Last week I was reading Naomi Thompsons excellent new book,. Young People and Church Since 1900. A review of the book is on this site (see recent posts or link to it is here: http://wp.me/p2Az40-15v). If you didnt see the review, then one of the activities of the church that Thompson brings conclusions from is that of the Sunday schools, and christian youth work. But this post neednt be just Sunday School or Youth work.
One of the things that is frequently said of any church activity is – how does the activity encourage people to ‘come on a Sunday’? Often it is the church whom make this statement, in order to justify or validate an activity. It also seems to be the most prevalent national conversation in regard to ‘church growth’ ‘attendance’ and the secularisation debate, and there was statistics produced last week which were widely shared in the national media. However, the church can be its own worst enemy.
I used to have a pair of socks which said : ‘Alcohol: The Cause and Solution to most of the worlds problems’ – As Said by the great philosopher Homer Simpson. In regard to church growth, it might read: ‘Church; The Cause and Solution to doing Gods mission in the world’. For on one hand the church has been at the forefront of developing approaches to connecting with people outside the church, and they can be listed off, from toddler groups, youth groups, sunday schools, lunch clubs and there are many others.
In the midst of all the ‘doing’ there can be an unspoken expectation that this activity will help people ‘find faith’ , or ‘give them an opportunity’ or be a ‘stepping stone for persons coming to church’ – even if something might be for good in itself, an implicit finding faith is often apparent.
In the process of developing all of these activities, tons, tons, of resources are produced. People are trained, ministries have professionalised, universalised, and become ministries that those involved in them might be protective of.
However, it is not better training for youthworkers, sunday school leaders, or toddler group leaders that is needed. The issue in the church is not the quality of the materials, the issue is the quality of the relationships. In particular how the whole church becomes involved in the specific ministry, or the specific activity. Think of it this way, in 1870 2,000,000 children in the UK attended sunday schools. But only 2% of those children attended church as a result. Why? – because they had Christian parents, or could be linked into the services. is that not something of a tragedy – of missed opportunity?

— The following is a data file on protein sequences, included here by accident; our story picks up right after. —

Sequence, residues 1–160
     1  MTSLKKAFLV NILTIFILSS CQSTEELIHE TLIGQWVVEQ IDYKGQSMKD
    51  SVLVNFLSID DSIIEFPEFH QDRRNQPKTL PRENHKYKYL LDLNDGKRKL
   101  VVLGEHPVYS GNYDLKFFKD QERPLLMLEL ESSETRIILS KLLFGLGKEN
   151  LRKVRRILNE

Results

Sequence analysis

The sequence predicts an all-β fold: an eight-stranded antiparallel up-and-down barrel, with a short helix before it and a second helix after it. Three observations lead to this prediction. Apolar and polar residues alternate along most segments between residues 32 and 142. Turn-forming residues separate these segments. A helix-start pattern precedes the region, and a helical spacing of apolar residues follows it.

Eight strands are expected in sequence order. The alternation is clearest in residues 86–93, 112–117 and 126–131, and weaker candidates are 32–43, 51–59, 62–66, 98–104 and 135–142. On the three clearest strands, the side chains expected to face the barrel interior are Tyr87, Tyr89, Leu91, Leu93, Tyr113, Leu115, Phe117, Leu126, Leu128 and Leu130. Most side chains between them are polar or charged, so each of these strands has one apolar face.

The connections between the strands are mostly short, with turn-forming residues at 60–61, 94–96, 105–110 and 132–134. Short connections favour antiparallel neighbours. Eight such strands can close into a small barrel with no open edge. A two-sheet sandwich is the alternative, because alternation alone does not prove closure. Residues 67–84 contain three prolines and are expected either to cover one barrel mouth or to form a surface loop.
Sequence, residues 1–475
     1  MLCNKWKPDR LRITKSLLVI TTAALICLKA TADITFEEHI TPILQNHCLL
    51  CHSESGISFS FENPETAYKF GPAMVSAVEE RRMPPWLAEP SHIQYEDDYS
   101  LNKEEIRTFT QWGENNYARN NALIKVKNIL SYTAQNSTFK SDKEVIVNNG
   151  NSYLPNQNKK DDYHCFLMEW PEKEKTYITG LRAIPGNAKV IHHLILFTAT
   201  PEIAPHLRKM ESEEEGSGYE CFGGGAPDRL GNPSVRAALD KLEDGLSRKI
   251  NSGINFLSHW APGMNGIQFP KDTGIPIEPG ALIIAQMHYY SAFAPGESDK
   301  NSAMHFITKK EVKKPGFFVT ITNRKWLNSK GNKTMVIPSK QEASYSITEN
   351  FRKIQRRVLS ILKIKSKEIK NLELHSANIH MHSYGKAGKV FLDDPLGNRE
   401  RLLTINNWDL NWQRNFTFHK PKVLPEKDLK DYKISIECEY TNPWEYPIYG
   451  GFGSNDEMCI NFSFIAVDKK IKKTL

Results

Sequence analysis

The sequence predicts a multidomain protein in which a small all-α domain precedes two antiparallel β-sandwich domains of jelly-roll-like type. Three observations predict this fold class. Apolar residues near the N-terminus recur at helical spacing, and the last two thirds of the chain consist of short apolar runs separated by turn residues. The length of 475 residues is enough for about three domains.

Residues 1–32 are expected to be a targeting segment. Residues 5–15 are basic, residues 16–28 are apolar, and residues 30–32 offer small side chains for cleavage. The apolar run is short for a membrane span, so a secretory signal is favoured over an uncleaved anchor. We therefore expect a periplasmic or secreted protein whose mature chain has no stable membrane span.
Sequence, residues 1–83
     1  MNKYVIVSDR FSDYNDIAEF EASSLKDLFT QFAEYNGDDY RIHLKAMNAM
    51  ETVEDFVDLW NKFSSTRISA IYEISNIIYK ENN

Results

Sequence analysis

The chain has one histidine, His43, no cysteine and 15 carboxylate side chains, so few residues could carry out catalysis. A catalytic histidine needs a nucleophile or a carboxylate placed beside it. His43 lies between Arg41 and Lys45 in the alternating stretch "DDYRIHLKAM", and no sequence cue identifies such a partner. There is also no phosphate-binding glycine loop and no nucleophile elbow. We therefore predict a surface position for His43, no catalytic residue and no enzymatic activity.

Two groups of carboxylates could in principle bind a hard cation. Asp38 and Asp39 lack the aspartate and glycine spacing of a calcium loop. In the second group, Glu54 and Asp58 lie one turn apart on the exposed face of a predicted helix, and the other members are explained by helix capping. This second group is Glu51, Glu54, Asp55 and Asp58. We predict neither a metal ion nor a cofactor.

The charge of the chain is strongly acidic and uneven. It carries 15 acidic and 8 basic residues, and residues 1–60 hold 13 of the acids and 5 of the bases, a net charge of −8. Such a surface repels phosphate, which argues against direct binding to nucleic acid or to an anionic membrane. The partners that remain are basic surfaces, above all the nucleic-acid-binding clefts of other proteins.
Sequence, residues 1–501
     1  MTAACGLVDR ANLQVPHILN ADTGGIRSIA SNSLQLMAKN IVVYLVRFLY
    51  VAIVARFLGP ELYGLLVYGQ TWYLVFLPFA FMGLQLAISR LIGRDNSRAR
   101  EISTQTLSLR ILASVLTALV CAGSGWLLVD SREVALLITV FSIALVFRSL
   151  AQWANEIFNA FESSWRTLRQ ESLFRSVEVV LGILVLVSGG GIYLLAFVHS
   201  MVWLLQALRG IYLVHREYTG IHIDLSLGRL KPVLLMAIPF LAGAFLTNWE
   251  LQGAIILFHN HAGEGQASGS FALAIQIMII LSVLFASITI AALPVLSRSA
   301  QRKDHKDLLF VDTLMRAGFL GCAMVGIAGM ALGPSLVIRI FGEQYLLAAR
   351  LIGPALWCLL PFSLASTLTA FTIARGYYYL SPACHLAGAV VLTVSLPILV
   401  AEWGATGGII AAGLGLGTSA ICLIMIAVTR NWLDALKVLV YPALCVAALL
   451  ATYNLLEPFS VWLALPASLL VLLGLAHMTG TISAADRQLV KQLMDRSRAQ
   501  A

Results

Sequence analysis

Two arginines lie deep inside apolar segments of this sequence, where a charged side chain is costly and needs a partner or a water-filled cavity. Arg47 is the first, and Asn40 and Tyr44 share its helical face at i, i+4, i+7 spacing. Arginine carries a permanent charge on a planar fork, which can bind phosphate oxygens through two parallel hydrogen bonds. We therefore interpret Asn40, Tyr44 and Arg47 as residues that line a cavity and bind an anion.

In 1960’s, when Sunday schools were on the wane. Ideas were hatched, that did not become mainstays to encourage The Whole Church to be more integrated in the life of the attenders of Sunday school, what happened instead was that sunday schools moved to ‘church time’ and 80% young people left as a result. (though the ‘church success rate only increased to 5%). But even in the 1960s, there was a recognition that activities that occured at a different time to sunday church, needed more involvement in them by church people, as any ministry needed relationships to form. Or, that people in churches needed to be more active in the ministry in some way.
Fast forward 50 years. What has happened since the 1960’s?
Youth work is done by the select few, by the trained, – but how are ‘whole churches’ involved?
Initiatives like ‘Alpha’ create tons of interest in the late 1990’s – but if church wanted this to be the silver bullet for attendance – how successful was it?
Then theres all the toddler groups, Messy church families, and every other week day activity.
Churches might want these activities to lead to ‘church attendance’ but how is the whole church active in the whole activity? What is the church doing about it? Opening up and ‘using the building’ isnt enough.